Optical spectropolarimetry of large C-complex asteroids: Polarimetric evidence for heterogeneous surface compositions

September 2023 • 2023A&A...677A.146K

Authors • Kwon, Yuna G. • Bagnulo, Stefano • Cellino, Alberto

Abstract • This study presents the first optical (420-930 nm) spectropolarimetric study of a sample of large (≳100 km in diameter) C-complex asteroids in observing circumstances for which light scattered by asteroid surfaces undergoes a so-called negative polarization. We analyzed a total of 64 C-complex asteroids of different subclasses, using archival polarimetric and reflectance data to refine the link between polarimetric parameters and surface properties of the asteroids. We find a consistent difference in the polarization spectra between asteroids containing phyllosilicates and those without, which is correlated with the overall morphology of the reflectance spectrum. The inverse relationship between reflectance and the polarization degree, known as the Umov law, is not very sharp in our sample of asteroids. These objects exhibit broad similarities in polarization-phase curves; nonetheless, we do observe a gradual enhancement of the negative polarization branch (both in depth and width) in the ascending order of F → B → T → Ch types (Spearman correlation coefficient ρ = 0.70-0.07+0.06 and p-value p = 0.0001), along with an increase in the reflectance curvature around 500 nm. A weaker inverse correlation between the inversion angle and diameter of the asteroids in our sample has been found with ρ = -0.42-0.07+0.08 and p = 0.01, apparently driven by the distribution of C-type asteroids (ρ = -0.51-0.11+0.13 and p = 0.04). Our observations suggest that at least for large C-complex asteroids: 1) a common mechanism underlies the diversity in polarimetric and spectroscopic properties at optical wavelengths; 2) the observed trends would be explained by the surface composition of the asteroids, particularly with respect to the optical heterogeneity on the wavelength scale caused by carbon's varying levels of optical influence; and 3) aqueous alteration may play a significant role in regulating this operational effect of carbon.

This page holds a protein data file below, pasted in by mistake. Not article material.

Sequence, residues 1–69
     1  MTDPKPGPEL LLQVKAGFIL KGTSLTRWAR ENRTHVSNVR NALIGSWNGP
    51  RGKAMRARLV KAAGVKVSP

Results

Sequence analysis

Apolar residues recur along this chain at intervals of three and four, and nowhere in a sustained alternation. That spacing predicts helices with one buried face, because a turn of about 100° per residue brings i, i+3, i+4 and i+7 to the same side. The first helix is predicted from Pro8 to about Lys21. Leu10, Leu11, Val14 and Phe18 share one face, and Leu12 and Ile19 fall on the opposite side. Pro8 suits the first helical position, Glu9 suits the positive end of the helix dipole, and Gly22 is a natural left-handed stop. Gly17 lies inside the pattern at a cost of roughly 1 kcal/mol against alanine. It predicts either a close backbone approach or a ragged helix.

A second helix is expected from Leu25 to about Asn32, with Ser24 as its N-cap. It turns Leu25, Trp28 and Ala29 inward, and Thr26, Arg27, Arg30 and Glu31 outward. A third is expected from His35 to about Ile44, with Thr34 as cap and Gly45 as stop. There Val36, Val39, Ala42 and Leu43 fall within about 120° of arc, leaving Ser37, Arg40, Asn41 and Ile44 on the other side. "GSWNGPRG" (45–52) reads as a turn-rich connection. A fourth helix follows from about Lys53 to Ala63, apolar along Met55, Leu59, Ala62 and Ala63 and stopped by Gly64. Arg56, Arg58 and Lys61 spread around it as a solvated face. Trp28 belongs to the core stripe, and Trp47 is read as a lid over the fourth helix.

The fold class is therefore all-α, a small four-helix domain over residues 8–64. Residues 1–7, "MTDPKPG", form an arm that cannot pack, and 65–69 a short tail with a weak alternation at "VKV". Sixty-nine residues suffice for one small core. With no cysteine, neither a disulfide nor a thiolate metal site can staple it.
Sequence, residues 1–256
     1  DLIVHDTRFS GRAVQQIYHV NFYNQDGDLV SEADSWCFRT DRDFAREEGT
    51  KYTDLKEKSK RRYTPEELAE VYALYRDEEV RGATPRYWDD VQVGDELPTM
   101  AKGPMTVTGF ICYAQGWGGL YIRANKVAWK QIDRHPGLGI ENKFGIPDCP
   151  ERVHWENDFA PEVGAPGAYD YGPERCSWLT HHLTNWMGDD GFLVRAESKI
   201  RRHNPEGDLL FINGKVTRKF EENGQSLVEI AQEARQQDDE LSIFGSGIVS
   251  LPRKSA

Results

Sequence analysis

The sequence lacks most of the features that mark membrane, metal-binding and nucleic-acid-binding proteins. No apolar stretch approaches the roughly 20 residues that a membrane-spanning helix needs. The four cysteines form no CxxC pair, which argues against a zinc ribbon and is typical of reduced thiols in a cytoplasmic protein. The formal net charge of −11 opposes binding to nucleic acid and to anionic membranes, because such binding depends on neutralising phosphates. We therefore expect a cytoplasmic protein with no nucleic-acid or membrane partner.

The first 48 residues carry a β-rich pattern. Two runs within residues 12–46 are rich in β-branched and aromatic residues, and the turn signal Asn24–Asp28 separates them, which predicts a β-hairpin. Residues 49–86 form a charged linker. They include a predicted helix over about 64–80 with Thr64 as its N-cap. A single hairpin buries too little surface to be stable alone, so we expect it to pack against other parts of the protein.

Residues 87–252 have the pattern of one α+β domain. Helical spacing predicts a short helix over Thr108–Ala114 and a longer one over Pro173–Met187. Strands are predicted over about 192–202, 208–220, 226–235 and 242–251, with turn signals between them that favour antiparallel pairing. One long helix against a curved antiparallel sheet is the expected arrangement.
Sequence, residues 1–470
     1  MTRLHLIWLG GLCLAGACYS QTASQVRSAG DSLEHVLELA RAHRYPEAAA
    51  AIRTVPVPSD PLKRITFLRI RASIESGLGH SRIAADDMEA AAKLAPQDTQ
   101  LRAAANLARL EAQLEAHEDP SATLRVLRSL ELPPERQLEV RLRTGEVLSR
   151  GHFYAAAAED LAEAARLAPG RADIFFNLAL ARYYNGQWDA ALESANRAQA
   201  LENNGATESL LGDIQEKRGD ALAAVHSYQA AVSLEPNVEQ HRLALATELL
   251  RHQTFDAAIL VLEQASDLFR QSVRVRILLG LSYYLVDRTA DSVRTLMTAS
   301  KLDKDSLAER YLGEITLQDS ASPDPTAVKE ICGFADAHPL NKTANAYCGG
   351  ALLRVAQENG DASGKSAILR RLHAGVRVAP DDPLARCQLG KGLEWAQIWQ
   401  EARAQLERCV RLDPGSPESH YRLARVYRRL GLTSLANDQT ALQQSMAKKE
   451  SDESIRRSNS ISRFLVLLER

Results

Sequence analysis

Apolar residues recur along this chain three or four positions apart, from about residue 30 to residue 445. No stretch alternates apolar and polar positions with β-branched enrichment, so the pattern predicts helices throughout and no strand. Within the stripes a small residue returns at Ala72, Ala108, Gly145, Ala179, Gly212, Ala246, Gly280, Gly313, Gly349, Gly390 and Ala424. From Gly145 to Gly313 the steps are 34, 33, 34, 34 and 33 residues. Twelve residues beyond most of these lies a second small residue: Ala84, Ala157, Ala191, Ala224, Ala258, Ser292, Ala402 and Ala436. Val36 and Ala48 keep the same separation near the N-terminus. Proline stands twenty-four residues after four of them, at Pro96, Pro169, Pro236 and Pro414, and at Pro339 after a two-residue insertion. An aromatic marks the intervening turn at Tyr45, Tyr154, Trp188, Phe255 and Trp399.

IPAC Authors


Yuna Kwon

Postdoctoral Research Associate